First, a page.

The output includes the prediction (`fit`

) and the confidence interval (`lwr`

and `upr`

for lower and upper limits), as shown below:

```
fit lwr upr
1 113.4929 105.3211 121.6647
```

### Implementing prediction intervals in R

Use the same model as above to predict the specific circumference of an individual orange tree that is 900 days old. Use the `interval`

parameter to specify that you want the prediction interval.

`> predict(model, data.frame(age = 900), interval = "prediction", level = 0.95) `

The output resembles the example below:

```
fit lwr upr
1 113.4929 64.5118 162.4741
```

Notice that in both cases, the predicted value of the circumference is the same - 113.49. However, the prediction interval is much wider than the confidence interval. The confidence interval of the prediction is the range that is expected to contain the average circumference of 900-day-old trees. The prediction interval is the expected range of the circumference of an individual 900-day-old tree. This is because there can be considerably more variation in individual trees which is smoothened out when considering the average value.

## Common Misconceptions and Pitfalls

Statistical intervals are commonly used in applied statistical fields like data analysis, pharmaceuticals, econometrics, etc. For those without an academic background in statistics, it is easy to confuse confidence intervals and prediction intervals.

Some common misconceptions are discussed below:

- Making a prediction without considering the prediction interval.
- When you use a regression model to predict the value of the dependent variable for a given value of the independent variable, the regression equation gives you the expected value of the dependent variable. The actual value rarely matches the expected value but lies within a certain range of the expected value, as specified by the prediction interval.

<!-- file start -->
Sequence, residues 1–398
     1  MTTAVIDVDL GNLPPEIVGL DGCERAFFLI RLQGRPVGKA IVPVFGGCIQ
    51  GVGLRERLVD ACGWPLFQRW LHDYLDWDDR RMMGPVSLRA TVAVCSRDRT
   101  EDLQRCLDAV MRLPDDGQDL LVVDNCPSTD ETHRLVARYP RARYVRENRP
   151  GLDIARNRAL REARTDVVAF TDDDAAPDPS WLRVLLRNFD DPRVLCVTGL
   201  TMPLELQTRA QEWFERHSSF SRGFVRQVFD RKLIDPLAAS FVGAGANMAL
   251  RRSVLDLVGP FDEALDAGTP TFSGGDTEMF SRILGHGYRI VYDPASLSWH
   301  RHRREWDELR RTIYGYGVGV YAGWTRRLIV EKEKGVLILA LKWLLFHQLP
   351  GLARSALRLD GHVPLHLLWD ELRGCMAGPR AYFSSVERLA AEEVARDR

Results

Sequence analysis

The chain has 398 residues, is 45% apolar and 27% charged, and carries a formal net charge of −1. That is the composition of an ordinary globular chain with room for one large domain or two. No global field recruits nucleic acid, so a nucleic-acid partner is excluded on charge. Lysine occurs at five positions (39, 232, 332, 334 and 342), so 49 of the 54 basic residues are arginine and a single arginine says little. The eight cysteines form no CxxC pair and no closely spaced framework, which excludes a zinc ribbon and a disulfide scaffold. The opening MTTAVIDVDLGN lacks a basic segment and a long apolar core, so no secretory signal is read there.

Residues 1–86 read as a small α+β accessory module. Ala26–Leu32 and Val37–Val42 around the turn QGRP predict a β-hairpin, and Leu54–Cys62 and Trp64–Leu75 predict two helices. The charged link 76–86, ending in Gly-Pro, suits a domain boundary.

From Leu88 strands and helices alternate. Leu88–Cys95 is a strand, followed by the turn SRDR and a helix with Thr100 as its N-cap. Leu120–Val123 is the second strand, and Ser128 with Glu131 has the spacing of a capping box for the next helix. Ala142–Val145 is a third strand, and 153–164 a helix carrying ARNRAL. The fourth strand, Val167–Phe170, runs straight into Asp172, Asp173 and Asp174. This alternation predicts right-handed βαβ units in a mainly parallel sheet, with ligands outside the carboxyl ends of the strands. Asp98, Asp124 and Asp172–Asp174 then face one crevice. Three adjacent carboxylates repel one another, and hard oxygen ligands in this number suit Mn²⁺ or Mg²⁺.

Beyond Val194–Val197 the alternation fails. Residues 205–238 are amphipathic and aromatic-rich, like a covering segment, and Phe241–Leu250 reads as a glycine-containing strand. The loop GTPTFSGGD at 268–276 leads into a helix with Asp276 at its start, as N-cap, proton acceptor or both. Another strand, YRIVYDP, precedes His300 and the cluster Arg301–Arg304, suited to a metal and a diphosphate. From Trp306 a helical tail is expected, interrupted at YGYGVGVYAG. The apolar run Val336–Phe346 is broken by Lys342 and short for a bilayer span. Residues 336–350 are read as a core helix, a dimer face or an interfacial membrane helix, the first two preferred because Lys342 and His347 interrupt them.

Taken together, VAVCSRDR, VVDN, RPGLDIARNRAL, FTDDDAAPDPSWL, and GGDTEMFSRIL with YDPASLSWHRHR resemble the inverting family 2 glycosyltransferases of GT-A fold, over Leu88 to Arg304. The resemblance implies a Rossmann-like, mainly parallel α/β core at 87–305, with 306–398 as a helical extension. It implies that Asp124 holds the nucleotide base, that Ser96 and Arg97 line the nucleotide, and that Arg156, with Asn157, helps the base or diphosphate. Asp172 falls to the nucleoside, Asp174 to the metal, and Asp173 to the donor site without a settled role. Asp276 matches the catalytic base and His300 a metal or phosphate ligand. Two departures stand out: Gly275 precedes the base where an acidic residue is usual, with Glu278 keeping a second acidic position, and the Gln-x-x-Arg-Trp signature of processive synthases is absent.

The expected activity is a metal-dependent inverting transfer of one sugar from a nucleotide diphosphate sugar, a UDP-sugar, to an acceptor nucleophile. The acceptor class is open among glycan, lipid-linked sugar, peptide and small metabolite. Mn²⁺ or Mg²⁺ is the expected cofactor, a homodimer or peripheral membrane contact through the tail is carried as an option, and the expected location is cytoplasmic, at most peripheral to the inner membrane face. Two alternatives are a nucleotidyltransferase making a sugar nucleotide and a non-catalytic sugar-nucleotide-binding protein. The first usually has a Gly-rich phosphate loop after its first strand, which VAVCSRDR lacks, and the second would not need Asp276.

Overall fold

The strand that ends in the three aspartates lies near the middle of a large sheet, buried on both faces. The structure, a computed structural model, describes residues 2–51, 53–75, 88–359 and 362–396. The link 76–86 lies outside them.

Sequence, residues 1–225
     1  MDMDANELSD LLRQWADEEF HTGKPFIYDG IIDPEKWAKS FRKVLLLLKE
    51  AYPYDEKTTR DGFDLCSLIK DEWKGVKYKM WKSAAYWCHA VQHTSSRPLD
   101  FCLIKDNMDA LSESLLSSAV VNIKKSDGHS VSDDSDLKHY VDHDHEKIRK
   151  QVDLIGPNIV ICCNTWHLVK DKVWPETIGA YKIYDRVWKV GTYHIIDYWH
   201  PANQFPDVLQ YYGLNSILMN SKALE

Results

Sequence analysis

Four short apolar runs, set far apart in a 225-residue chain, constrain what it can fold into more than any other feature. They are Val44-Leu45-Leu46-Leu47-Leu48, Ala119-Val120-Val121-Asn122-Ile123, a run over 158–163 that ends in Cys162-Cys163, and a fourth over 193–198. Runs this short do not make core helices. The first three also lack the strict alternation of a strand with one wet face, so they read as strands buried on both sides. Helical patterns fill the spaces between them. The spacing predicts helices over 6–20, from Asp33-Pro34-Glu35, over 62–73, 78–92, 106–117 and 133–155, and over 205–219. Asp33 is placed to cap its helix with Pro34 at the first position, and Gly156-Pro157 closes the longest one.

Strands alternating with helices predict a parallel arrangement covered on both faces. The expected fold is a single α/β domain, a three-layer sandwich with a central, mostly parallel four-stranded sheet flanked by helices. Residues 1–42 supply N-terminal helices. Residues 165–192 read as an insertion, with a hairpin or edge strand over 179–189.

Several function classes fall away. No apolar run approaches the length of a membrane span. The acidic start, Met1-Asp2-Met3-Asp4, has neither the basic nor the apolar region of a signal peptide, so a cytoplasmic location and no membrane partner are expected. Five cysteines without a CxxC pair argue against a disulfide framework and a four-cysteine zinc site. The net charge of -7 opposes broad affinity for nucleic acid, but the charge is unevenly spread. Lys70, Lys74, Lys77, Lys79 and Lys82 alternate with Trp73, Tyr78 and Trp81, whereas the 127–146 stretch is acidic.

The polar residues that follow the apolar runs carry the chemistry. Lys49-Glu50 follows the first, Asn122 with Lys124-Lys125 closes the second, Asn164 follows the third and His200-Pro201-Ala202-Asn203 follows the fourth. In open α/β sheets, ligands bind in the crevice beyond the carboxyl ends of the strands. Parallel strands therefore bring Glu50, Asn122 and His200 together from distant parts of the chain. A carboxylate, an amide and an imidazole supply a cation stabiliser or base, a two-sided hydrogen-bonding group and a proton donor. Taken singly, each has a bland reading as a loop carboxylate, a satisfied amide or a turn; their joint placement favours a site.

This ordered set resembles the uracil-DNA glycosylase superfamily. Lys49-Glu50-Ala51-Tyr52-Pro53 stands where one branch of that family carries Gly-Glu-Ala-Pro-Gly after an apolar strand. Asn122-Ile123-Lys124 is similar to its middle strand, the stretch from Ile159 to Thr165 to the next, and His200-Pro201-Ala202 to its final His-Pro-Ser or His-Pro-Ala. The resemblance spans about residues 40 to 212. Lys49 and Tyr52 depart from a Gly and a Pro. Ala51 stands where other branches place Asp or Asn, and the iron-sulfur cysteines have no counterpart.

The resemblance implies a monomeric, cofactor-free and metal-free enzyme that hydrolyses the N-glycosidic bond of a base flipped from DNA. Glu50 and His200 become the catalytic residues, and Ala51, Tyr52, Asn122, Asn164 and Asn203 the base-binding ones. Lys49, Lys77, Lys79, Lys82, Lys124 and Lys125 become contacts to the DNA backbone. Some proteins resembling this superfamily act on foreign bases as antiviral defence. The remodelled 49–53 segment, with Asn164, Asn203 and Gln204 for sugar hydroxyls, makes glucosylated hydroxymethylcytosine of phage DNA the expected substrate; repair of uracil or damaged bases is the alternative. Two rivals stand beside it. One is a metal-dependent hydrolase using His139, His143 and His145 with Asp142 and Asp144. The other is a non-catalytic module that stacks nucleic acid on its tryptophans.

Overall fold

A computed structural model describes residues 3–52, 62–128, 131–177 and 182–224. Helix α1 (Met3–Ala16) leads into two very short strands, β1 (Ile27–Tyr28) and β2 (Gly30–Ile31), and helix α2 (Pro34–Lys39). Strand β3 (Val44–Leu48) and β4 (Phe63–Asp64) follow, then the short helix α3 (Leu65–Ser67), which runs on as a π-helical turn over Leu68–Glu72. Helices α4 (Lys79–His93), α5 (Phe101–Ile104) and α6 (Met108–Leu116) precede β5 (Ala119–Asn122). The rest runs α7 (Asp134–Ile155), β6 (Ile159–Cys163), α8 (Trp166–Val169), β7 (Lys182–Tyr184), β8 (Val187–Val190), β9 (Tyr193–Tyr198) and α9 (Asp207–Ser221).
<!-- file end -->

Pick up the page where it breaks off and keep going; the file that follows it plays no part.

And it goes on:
- Assuming that a regression analysis involves only prediction intervals.
- You make two types of predictions using regression models - 1) predicting a future value and 2) predicting the mean response. In the orange tree example, you can try to predict 1) the circumference of a specific orange tree that is 900 days old or 2) the average circumference of all trees that are 900 days old. In both cases, the expected value is the same. However, the former involves the prediction interval, and the latter involves the confidence interval.
- Believing that the narrower interval is the better one.
- You might sometimes be tempted to just use the narrower interval while using the result of a regression study. The confidence interval is not somehow “better” because it is narrower. It is narrower because it gives the range for something different than the prediction interval does. Consider whether you are trying to predict the average value of the dependent variable or whether you want to predict an individual data point.
- Mistaking a confidence interval for a prediction interval.